Though they're not major, its on the top where we see the main external control enhancements. First, Sony now rings the shutter button with the power switch. This move frees up the back corner to house the best addition on the camera: a second control dial. Put the Sony NEX-5R into Manual mode, photographers, and you can adjust aperture with this new dial, and shutter speed with the rear dial. This change alone may be worth the upgrade. Exposure preview is live, and it's easy to nail just the look you seek. I find it quite natural. Bravo Sony. When shooting in Aperture or Shutter priority modes, by the way, only the top dial adjusts the primary exposure variable (aperture or shutter), and the rear dial does nothing. I think I'd have preferred the rear dial to adjust the primary variable as well.

Just right of the Sony NEX-5R's shutter button is the new Function button. Pressing this brings up a menu on the LCD, giving access to six functions: AF/MF Select, Autofocus Mode, Autofocus Area, White Balance, Metering Mode and Picture Effect. Turning either the top or the rear dial adjusts the settings for the selected menu item. You can select among the six items by using the left and right arrow buttons.

Movie and Playback buttons shift left a bit with this new control design, but I think NEX-5R users will adjust with gratitude for the extra control. The microphone holes are a little smaller on the top deck, and the speaker has moved to the bottom of the camera. Two slick ramps roughly behind the microphones serve to guide the LCD as it flips up to face forward for easy, well-composed self-portraits.

While it wouldn't be a huge feature for me, it's good that the Sony NEX-5R's LCD is more versatile, tilting up 180 degrees, and down 50 degrees, while the NEX-5N tilted only 80 degrees upward, 45 degrees downward. When you swing the LCD back down, you have to slide it back up a bit, as the bracket not only has to swing all the way forward, but it has to allow the LCD to slide upward to clear the top deck (it's easier to do than to explain, so it won't be an issue). The only other major external difference is the addition of a little space right of the rear control dial, allowing room for the ISO silkscreen.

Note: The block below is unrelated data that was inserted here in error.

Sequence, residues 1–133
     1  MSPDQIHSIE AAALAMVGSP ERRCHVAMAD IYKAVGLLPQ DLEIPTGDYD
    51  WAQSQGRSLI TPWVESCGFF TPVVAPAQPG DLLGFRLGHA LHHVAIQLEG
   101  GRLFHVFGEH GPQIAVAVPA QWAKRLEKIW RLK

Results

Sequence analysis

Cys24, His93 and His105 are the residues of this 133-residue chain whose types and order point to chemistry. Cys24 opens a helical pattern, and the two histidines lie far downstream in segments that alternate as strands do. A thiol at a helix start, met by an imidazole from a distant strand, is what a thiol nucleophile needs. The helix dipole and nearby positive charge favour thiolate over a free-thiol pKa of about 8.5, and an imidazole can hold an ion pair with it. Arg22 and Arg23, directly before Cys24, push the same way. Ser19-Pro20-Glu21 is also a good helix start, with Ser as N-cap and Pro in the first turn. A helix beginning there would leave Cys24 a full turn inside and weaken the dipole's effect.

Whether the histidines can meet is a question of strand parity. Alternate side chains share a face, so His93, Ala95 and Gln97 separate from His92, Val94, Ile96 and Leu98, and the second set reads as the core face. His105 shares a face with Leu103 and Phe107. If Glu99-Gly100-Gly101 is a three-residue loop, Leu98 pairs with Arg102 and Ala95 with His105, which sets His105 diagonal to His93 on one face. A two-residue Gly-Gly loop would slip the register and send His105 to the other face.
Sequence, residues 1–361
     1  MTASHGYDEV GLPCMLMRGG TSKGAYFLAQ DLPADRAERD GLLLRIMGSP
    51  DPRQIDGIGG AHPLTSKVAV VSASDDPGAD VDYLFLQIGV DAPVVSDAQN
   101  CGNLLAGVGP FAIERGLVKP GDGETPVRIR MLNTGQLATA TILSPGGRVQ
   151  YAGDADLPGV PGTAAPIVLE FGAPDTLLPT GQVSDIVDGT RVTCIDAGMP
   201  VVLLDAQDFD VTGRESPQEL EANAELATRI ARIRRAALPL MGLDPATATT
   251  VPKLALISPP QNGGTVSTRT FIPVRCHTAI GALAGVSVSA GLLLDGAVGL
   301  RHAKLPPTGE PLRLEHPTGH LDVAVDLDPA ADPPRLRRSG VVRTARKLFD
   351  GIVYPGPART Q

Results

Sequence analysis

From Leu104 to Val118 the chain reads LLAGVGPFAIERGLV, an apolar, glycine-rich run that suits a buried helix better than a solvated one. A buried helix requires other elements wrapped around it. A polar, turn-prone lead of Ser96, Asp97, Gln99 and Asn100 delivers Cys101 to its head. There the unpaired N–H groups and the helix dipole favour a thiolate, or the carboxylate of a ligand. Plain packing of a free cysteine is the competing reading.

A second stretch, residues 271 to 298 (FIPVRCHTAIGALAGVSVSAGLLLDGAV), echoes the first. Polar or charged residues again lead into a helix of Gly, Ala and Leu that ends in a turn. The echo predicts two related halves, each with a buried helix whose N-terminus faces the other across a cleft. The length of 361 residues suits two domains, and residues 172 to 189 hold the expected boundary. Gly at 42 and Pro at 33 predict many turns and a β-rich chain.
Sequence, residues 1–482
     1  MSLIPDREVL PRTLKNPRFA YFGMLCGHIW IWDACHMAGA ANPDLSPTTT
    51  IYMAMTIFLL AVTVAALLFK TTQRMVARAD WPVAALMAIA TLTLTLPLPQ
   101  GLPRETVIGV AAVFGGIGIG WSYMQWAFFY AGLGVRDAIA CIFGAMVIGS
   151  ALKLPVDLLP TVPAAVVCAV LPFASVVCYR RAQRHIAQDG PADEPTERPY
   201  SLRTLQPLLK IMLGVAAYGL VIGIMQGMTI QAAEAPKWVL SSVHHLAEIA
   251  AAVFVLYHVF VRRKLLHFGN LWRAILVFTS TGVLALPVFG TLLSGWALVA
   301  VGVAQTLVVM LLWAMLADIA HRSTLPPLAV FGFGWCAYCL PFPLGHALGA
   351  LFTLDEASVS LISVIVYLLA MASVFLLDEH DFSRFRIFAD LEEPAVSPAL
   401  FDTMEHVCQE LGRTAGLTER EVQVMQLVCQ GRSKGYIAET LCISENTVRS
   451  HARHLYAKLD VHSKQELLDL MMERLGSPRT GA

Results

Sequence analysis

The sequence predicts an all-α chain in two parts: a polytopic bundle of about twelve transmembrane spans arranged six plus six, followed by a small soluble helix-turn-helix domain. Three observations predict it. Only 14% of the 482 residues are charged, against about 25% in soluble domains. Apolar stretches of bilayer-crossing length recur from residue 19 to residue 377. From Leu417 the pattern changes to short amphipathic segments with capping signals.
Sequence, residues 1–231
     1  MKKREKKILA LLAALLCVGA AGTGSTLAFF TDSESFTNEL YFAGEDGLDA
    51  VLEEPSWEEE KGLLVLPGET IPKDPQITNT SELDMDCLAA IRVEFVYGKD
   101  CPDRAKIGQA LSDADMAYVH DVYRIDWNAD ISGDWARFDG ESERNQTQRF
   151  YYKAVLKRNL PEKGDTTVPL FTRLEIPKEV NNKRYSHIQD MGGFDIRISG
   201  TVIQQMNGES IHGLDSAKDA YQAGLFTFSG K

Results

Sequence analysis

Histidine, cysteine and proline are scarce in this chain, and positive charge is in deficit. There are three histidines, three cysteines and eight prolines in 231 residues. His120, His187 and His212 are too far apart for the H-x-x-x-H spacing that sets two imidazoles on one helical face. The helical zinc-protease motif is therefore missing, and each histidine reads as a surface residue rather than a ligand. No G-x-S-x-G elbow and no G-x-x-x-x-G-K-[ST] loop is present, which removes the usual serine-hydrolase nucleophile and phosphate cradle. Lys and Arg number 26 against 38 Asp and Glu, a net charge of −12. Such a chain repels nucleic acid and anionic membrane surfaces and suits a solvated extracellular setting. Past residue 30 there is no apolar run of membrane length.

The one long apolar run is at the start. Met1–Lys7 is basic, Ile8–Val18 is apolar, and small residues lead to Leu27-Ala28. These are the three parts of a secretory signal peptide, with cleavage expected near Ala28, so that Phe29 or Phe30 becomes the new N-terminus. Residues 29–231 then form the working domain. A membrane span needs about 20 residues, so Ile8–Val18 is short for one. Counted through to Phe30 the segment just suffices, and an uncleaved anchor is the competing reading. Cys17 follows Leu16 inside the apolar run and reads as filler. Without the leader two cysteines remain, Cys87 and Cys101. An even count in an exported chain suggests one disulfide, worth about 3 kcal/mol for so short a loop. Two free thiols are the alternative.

One major change for the NEX-5 line is the switch from wide strap lugs to smaller, stationary lugs that need D-rings on the Sony NEX-5R. This combination has the tendency to introduce noise into videos. We were far happier with the cloth-only interface of the past design.

We've only had a short time with a pre-release version of the Sony NEX-5R, so we're not able to comment much further on its performance at this point. Overall, though, it reminds us enough of the NEX-5N that we don't think they've broken anything, and the autofocus does indeed seem quite fast. As Sony's back-end infrastructure apparently wasn't ready before press time, we weren't able to test the WiFi features or the apps, unfortunately, which is the other major story, though we were able to connect to a local access point using the NEX-5R's onscreen keyboard. We'll have to revisit that when we get a shipping version.

It seems clear that at least three major companies have taken on the challenge of connecting their cameras to the Internet directly, and we'll likely see more companies adopting easy WiFi interfaces with apps to support more social media interaction direct from their cameras. It'll be the new hot feature to tout, just as face detection and Sweep Panorama once were. Get ready for the connected camera! Even without WiFi, though, the Sony NEX-5R seems like it has the major features more serious intermediate photographers will want, the main feature coming with the simple addition of one dial that enables faster manual exposure control.